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AVMs are diagnosed through some form of angiography (blood vessel imaging), though large ones are visible with MRI or CT scans. “In general, they are hard to diagnose in any kind of preemptive fashion just because they don’t have symptoms,” Dr. Kasner said. In other words, it’s unlikely that a person would go to the doctor and ask to be checked for AVM.

Genes, Environment or Other Causes?

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Although they are present at birth, AVMs don’t seem to be inherited. “There’s some developmental component, which may in part be environmental,” Dr. Kasner said.

Treatment and Recurrence

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There are several treatment options depending on the AVM’s size and location. AVMs do need to be removed or neutralized. As long as they remain there is danger they will hemorrhage.

  • Surgery. If an AVM has bled or is in an area that can be easily operated on, surgical removal is a good option. When the AVM is completely taken out, the possibility of any further bleeding should be eliminated. Depending on the complexity of the tangle of blood vessels, the surgery may be very intricate. “This is a cluster of abnormal blood vessels, and unless you get a 100 percent of it, people can essentially recruit new blood vessels to connect to it,” Dr. Kasner said. “That means the AVM can come back if not completely eliminated, so patients need to be monitored closely even after treatment.”
  • Stereotactic radiosurgery. An AVM in an area that’s difficult to reach by regular surgery may be treated with stereotactic radiosurgery, which is a form of radiation therapy that focuses high-power energy on the cluster of blood vessels to damage them. Despite its name, it is a treatment, not a surgical procedure, so no incisions are made. The goal is to make a scar that will cause the AVM to “clot off” so blood no longer flows through it.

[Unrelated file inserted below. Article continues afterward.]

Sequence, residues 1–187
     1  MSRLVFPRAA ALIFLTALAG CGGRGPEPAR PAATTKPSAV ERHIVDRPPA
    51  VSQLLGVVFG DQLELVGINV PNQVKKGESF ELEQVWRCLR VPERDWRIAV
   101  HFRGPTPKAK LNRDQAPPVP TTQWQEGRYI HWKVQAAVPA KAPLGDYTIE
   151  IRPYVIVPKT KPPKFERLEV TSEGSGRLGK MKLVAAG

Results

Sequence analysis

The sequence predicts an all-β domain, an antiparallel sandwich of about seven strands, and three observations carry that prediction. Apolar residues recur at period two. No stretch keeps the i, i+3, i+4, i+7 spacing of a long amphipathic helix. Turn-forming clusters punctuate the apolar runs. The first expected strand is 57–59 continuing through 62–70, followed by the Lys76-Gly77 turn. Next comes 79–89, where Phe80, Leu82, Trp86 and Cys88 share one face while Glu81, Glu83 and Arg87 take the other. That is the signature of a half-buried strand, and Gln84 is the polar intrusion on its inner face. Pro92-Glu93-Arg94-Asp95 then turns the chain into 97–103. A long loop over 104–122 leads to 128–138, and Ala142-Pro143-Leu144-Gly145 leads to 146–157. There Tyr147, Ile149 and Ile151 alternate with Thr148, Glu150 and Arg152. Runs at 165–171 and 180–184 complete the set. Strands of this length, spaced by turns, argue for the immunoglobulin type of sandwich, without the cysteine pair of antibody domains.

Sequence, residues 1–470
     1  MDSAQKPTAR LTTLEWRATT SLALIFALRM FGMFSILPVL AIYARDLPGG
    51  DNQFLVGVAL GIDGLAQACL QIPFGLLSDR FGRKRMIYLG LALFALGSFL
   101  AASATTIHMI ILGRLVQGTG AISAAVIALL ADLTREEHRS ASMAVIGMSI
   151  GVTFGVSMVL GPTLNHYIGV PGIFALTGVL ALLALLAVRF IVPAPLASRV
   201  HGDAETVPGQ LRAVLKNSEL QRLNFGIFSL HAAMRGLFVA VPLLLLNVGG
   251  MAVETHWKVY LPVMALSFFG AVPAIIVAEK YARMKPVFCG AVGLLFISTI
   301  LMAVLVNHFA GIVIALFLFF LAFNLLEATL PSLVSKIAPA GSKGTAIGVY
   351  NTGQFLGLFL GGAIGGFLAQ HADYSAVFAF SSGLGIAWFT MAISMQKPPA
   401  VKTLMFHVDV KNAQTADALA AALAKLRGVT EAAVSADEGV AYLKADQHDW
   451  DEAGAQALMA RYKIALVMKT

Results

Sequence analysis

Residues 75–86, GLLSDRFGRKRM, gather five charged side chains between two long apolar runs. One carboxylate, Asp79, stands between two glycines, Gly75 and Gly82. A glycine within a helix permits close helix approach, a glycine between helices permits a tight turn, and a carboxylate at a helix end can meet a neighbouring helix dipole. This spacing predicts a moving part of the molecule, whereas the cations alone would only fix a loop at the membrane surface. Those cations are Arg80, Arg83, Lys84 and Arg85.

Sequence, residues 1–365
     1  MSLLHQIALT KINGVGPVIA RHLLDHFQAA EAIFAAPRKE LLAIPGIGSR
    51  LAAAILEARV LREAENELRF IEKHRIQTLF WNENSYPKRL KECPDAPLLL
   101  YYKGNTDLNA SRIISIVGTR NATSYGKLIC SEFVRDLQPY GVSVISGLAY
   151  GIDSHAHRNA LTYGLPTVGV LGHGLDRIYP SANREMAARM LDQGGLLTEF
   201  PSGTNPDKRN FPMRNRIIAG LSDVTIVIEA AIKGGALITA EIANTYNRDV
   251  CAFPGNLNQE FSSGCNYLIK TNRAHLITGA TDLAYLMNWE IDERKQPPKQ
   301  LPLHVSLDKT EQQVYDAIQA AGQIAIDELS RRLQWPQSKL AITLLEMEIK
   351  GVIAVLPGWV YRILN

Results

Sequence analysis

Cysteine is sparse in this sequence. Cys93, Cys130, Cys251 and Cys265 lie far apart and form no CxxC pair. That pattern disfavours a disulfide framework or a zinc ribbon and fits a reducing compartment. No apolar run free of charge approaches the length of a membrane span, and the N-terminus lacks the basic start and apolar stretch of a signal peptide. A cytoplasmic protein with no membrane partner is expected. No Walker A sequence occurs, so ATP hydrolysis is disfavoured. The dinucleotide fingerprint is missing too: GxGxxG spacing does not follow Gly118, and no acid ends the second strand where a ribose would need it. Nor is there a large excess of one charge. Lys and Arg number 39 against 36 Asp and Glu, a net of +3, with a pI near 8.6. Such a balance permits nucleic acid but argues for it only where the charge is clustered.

• Interventional neuroradiology/endovascular neurosurgery. Another option is to treat part or all of the AVM by inserting a catheter inside the arteries that supply blood to it. Then the abnormal vessels are blocked off with various materials such as special glues, micro coils and other materials used to stop blood flowing to the AVM.

“If they’re successfully treated, the risk of recurrence should be fairly low, but it’s sometimes hard to treat them completely,” Dr. Kasner said. If untreated, the chance of an AVM bleeding is 1 to 3 percent per year, which means over 15 years, the total chance of an AVM bleeding into the brain is 25 percent. Because of this increasing risk, it is unwise to leave an AVM alone once it has bled.

CAVERNOUS ANGIOMA (CA)

A cavernous angioma is a cluster of small, abnormally formed blood vessels in the brain that are enlarged and irregular in structure. These blood vessels have very thin walls and lack the elastic fibers present in larger vessels. As a result, these blood vessels are prone to leakage, which can cause hemorrhagic strokes. “They can present in a similar fashion to AVMs with headache and hemorrhagic stroke, but they tend to be smaller and more localized and are generally much less dangerous than AVMs,” Dr. Kasner said. CA may occur in the brain, brain stem or spinal cord.

Symptoms

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Typically they don’t bleed into the space between the brain and skull. Bleeding may cause any stroke symptom, including weakness, numbness or double vision. Other symptoms may include headaches, seizures, and hearing or vision loss. They rarely cause a large, life-threatening hemorrhage. About a quarter of people with CA never have any symptoms related to them.

Diagnosis

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They are diagnosed by MRI, where the collection of vessels, which are described as looking like a mulberry or a piece of popcorn, is typically surrounded by a dark ring of old blood from previous leaks. CA lesions are not visible on typical angiograms. The location and number of mulberry-looking lesions determine the severity of this disorder. The malformations can change in size and number over time.